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What Is Cephalohematoma? Causes, Outlook & More



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A cephalohematoma is an accumulation of blood that collects between the skull and the scalp of newborns. The most common cause of cephalohematoma is undue trauma or force on the infant’s head. Cephalohematoma is characterized by a soft, bulging area on the back of an infant’s skull.

The outlook for infants with this condition is generally positive. Cephalohematoma does not usually cause brain damage because the blood is pooled on top of the skull.

However, babies born with cephalohematoma may be at risk for certain medical conditions, including jaundice, infection, and anemia. These can be serious and even life-threatening if untreated or if the baby has other health issues.

Causes of Cephalohematoma

Cephalohematoma is considered a birth injury that occurs during labor and delivery. It is often caused by the infant’s head pressing against the mother’s pelvis and/or squeezing through the birth canal. This pressure causes delicate blood vessels to burst, forming the unusual bulge at the back of the skull.

All infants are at risk for cephalohematoma, but it is more likely to occur in certain situations, including:

  • Delivering twins or triplets
  • Infant’s head is too large for labor and delivery
  • Prolonged or difficult labor
  • Birth-assisting devices (forceps or a vacuum)
  • Breech or other abnormal birth positions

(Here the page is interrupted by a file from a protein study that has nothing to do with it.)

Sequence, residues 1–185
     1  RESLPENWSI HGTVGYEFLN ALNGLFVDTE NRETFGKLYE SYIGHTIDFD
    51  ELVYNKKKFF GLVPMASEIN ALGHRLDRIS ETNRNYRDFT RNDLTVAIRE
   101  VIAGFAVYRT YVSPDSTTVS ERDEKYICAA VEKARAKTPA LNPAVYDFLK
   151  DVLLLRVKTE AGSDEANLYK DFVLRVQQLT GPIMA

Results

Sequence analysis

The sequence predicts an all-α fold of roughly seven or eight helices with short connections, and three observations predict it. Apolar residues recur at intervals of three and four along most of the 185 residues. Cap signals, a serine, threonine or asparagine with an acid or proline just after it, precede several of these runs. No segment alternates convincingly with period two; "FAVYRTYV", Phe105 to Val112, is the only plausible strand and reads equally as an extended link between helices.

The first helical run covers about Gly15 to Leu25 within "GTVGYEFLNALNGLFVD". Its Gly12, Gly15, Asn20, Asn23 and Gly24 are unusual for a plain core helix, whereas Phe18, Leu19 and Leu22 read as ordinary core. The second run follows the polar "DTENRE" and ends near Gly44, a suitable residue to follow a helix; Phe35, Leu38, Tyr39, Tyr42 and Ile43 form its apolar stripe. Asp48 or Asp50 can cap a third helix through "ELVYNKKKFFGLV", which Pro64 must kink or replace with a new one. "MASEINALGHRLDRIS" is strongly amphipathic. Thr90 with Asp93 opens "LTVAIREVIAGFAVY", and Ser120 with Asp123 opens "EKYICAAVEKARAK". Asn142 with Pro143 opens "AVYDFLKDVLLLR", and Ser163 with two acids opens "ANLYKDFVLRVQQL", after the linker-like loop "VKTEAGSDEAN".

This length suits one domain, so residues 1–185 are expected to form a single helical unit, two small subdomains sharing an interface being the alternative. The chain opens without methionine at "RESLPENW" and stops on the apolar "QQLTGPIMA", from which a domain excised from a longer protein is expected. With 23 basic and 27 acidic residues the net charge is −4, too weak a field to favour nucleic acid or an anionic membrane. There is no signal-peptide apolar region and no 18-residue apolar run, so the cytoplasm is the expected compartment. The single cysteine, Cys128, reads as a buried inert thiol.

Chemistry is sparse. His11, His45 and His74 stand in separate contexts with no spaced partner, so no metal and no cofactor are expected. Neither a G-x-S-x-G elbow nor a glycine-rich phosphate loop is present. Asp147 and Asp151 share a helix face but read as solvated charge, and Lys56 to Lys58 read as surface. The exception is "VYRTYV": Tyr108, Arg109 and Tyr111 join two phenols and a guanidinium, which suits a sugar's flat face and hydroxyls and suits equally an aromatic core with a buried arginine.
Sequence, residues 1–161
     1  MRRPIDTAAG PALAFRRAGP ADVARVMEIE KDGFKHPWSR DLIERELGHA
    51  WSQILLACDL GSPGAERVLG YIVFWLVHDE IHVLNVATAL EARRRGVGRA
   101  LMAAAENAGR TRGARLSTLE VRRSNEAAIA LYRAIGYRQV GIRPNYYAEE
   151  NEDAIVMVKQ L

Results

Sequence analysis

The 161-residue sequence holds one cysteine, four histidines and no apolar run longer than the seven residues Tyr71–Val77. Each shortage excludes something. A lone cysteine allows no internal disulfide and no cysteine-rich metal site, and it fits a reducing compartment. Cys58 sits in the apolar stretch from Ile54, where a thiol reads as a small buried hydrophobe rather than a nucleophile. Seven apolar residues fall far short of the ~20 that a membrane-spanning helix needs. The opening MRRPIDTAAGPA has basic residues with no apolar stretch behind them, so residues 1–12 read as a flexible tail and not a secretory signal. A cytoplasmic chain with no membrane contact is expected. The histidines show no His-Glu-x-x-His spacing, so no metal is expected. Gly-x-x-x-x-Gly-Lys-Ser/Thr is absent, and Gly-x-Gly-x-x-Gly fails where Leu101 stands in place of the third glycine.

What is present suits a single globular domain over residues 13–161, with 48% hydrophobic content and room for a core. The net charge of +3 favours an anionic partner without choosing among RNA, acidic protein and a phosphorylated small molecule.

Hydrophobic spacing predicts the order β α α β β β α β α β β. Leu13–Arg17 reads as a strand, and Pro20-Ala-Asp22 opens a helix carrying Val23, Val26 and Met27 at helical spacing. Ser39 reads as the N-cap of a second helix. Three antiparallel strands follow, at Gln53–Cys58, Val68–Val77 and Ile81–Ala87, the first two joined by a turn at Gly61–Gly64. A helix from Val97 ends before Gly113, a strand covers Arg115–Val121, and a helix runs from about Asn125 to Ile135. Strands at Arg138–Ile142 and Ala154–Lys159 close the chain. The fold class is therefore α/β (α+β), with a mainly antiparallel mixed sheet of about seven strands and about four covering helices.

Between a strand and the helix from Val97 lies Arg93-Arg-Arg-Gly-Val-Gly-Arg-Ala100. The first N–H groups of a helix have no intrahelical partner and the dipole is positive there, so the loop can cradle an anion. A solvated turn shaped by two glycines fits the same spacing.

• Weak uterine contractions that slow labor and delay infant’s progress to delivery

Between one and two percent of all babies develop cephalohematoma, although boys are more likely to be affected than girls.

Cephalohematoma Versus Caput Succedaneum

Sometimes people confuse cephalohematoma with a less serious birth condition called caput succedaneum. Caput succedaneum occurs with the natural pressure of a baby’s head passing through the birth canal. Many newborns have a slightly bulbous head that appears swollen for the first few hours or days after birth.

Unlike caput succedaneum, cephalohematoma is caused by burst blood vessels that cause swelling underneath the scalp. Cephalohematoma may take several months to resolve. In rare situations, doctors must drain the fluid if the bulging becomes more pronounced or does not gradually decrease in size on its own.

Outlook for Infants with Cephalohematoma

The outlook for newborns who develop cephalohematoma is generally positive. Cephalohematoma is usually diagnosed by the bulge on the back of the skull. This bulge may be noticeable at birth or develop a day after birth. However, your doctor may request additional tests, including:

  • X-ray
  • Ultrasound
  • Computer topography (CT) scan

Your doctor may recommend that you take pictures or measurements of the swelling. You should get immediate medical care if your infant develops a new bulge or if the bulge gets bigger.

Common Treatment for Cephalohematoma

Often there is no specific treatment after cephalohematoma is diagnosed, other than watchful waiting to ensure the swelling gradually decreases.